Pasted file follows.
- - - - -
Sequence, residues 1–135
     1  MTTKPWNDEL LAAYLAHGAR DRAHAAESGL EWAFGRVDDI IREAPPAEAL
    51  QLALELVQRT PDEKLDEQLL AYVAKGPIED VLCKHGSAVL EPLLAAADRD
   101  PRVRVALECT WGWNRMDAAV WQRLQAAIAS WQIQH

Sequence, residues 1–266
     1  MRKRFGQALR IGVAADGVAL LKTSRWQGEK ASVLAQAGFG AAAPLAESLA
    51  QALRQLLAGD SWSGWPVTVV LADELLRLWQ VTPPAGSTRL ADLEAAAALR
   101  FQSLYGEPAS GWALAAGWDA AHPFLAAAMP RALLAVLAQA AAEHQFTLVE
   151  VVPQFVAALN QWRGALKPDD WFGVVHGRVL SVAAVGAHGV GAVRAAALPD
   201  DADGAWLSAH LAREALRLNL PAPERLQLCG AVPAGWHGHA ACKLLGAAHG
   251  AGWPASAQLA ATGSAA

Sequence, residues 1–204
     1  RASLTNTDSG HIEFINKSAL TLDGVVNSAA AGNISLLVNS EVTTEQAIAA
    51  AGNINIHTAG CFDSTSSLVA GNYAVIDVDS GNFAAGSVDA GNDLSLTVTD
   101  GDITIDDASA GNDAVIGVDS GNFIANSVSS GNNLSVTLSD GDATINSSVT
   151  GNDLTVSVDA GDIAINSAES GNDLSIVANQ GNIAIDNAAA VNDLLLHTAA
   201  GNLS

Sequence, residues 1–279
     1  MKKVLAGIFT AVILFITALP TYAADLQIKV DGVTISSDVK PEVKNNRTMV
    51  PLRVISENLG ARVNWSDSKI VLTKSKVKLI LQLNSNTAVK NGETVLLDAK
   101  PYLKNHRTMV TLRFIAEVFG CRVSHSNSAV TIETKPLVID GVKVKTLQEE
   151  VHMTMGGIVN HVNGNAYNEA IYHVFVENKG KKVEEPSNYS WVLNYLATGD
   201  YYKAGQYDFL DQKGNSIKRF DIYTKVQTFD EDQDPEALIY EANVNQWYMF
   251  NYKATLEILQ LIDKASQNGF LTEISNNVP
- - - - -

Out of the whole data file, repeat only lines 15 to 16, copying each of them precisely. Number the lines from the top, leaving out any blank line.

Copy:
   101  GDITIDDASA GNDAVIGVDS GNFIANSVSS GNNLSVTLSD GDATINSSVT
   151  GNDLTVSVDA GDIAINSAES GNDLSIVANQ GNIAIDNAAA VNDLLLHTAA